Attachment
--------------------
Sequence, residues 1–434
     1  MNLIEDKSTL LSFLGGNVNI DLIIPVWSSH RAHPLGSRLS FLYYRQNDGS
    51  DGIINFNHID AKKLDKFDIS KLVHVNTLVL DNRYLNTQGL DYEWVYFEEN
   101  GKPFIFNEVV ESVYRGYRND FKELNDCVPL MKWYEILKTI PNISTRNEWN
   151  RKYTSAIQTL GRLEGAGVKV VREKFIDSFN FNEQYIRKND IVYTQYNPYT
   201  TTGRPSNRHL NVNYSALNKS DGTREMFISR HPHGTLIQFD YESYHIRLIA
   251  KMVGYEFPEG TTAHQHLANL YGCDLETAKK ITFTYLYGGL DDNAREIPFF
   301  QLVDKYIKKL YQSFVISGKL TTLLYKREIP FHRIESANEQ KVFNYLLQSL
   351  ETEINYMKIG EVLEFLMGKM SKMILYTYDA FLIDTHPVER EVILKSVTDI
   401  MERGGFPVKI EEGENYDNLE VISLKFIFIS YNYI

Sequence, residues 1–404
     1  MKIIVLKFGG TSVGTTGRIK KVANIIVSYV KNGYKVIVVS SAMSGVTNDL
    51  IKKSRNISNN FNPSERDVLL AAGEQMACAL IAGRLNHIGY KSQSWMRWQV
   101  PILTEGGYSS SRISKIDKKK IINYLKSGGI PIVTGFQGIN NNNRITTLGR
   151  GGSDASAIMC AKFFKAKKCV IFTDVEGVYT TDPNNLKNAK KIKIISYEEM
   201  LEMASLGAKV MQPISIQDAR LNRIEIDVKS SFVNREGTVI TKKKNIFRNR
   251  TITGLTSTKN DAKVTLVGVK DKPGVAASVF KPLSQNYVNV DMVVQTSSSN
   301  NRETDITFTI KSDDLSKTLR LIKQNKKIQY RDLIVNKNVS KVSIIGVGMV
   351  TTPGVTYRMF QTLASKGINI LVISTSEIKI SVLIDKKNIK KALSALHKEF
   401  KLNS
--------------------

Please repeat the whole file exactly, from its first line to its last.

Sequence, residues 1–434
     1  MNLIEDKSTL LSFLGGNVNI DLIIPVWSSH RAHPLGSRLS FLYYRQNDGS
    51  DGIINFNHID AKKLDKFDIS KLVHVNTLVL DNRYLNTQGL DYEWVYFEEN
   101  GKPFIFNEVV ESVYRGYRND FKELNDCVPL MKWYEILKTI PNISTRNEWN
   151  RKYTSAIQTL GRLEGAGVKV VREKFIDSFN FNEQYIRKND IVYTQYNPYT
   201  TTGRPSNRHL NVNYSALNKS DGTREMFISR HPHGTLIQFD YESYHIRLIA
   251  KMVGYEFPEG TTAHQHLANL YGCDLETAKK ITFTYLYGGL DDNAREIPFF
   301  QLVDKYIKKL YQSFVISGKL TTLLYKREIP FHRIESANEQ KVFNYLLQSL
   351  ETEINYMKIG EVLEFLMGKM SKMILYTYDA FLIDTHPVER EVILKSVTDI
   401  MERGGFPVKI EEGENYDNLE VISLKFIFIS YNYI

Sequence, residues 1–404
     1  MKIIVLKFGG TSVGTTGRIK KVANIIVSYV KNGYKVIVVS SAMSGVTNDL
    51  IKKSRNISNN FNPSERDVLL AAGEQMACAL IAGRLNHIGY KSQSWMRWQV
   101  PILTEGGYSS SRISKIDKKK IINYLKSGGI PIVTGFQGIN NNNRITTLGR
   151  GGSDASAIMC AKFFKAKKCV IFTDVEGVYT TDPNNLKNAK KIKIISYEEM
   201  LEMASLGAKV MQPISIQDAR LNRIEIDVKS SFVNREGTVI TKKKNIFRNR
   251  TITGLTSTKN DAKVTLVGVK DKPGVAASVF KPLSQNYVNV DMVVQTSSSN
   301  NRETDITFTI KSDDLSKTLR LIKQNKKIQY RDLIVNKNVS KVSIIGVGMV
   351  TTPGVTYRMF QTLASKGINI LVISTSEIKI SVLIDKKNIK KALSALHKEF
   401  KLNS